### Voltage Gain of Active Low Pass Filter

We know that the gain can be obtained by the frequency components and this is given as follows

**Voltage gain = V_out⁄V_in = A_max⁄ √(1+〖f/f_c 〗^2 )**

Where

- A
_{max}= Gain of the pass band = 1 + R_2⁄R_3 - f = operational frequency.
- f
_{c}= Cut-off frequency. - V
_{out}= Output voltage. - V
_{in}= Input voltage.

When the frequency increases, then the gain decreases by 20 dB for every 10 time increment of frequency. This operation is observed as below

At low frequencies that is when operating frequency f is less than cut-off frequency, then

**V _{out} / V_{in} = A_{max}**

When operating frequency is equal to the cut off frequency, then

**V _{out} / V_{in} = A_{max} / √2 = 0.707 A_{max}**

When the operating frequency is less than the cut off frequency, then

**V _{out} / V_{in} < A_{max}**

By these equations we can say that at low frequencies the circuit gain is equal to maximum gain and at high frequencies the circuit gain is less than maximum gain A_{max}.

When actual frequency is equal to the cut-off frequency, then the gain is equal to the 70.7% of the A_{max}. By this we can say that for every tenfold (decade) increase of frequency the gain of the voltage is divided by 10.

Magnitude of the Voltage Gain (dB): A_{max} = 20 log_{10} (V_{out} / V_{in})

At -3 dB frequency the gain is given as:

**3 dB A _{max} = 20 log_{10} {0.707 (V_{out} / V_{in})}**

### Active Low Pass Filter Example

Let us consider a non-inverting active low pass filter having cut off frequency at 160 Hz and input impedance as 15kΩ. Assume that at low frequencies this circuit has a voltage gain of 10.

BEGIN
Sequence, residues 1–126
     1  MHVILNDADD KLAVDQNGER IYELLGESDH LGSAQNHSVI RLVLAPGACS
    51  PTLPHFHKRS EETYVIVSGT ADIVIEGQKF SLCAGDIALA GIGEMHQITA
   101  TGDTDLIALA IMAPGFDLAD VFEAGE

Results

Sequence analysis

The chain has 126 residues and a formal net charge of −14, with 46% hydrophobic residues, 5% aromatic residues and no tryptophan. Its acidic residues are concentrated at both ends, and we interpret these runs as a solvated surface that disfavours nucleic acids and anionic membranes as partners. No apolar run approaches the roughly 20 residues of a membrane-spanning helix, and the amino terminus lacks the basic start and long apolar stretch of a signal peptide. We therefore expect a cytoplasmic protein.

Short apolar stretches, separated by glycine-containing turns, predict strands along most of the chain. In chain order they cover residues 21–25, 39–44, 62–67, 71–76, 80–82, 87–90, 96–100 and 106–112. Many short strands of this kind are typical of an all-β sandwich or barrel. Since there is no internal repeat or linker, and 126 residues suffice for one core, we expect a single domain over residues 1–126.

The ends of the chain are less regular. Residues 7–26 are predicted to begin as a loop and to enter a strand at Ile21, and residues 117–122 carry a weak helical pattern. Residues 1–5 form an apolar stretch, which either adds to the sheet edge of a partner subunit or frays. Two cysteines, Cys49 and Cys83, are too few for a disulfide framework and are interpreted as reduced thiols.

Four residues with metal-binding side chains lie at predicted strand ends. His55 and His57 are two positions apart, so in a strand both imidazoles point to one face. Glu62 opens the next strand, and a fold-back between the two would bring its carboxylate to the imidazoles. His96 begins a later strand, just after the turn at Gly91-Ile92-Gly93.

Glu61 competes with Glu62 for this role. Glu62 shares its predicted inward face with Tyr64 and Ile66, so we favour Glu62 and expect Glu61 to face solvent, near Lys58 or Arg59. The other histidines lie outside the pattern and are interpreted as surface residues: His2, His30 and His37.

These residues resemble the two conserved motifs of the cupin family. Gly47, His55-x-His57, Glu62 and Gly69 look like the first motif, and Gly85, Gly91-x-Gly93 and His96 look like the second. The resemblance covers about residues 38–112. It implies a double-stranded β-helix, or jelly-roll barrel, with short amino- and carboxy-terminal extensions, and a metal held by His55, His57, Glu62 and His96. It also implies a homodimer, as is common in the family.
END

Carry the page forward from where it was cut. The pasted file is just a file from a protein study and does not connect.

The gain in dB is given as 20log (A_{max}) = 20log (10) = 20 dB

We know that the voltage gain is given as:

A_{max }= 10 = 1 + (R_{2}/R_{1})

Let the resistor R_{1} be 1.2 kΩ

R_{2} = 9R_{1} = 9 x 1.2k = 10.8 kΩ

Therefore the obtained R_{2} is 10.8 kΩ. Since this value does not exist we can consider the nearest preferred standard value as 11 kΩ.

By considering the cut off frequency equation we can get the capacitor value.

**f _{C} = 1/ 2πRC**

By considering the C as main we can write the above equation as follows:

**C = 1 / 2πf _{C}R**

Substitute input impedance value as 15 kΩ, f_C value as 160 Hz.

Therefore the C = 0.068µF.

From the obtained values we can get the active low pass filter as follows:

### Frequency Response

The response of the active filter is as shown in below figure.

### Second Order Active Low Pass Filter

Just by adding an additional RC circuit to the first order low pass filter the circuit behaves as a second order filter.The second order filter circuit is shown above.

The gain of the above circuit is A_{max} = 1 + (R_{2}/R_{1})

The cut-off frequency of second order low pass filter is f_{c} = 1 / 2π√(C_{1}C_{2}R_{3}R_{4})

The frequency response and the designing steps of the second order filter and the first order filter are almost same except the roll off of the stop band. The roll off value of the second order filter is double to that of first order filter that is 40dB/decade or 12dB/octave.These filters stop the high frequency signals more steep.

### Applications Of Active Low Pass Filters

- In electronics these filters are widely used in many applications. These filters are used as hiss filters in audio speakers to reduce the high frequency hiss produced in the system and these are used as inputs for sub woofers.
- These are also used in equalizers and audio amplifiers. In
**analog to digital**conversion these are used as anti-aliasing filters to control signals. In digital filters these are used in blurring of images, smoothing sets of data signals. In radio transmitters to block harmonic emissions. - In acoustics these filters are used to filter the high frequency signals from the transmitting sound which will cause echo at higher sound frequencies.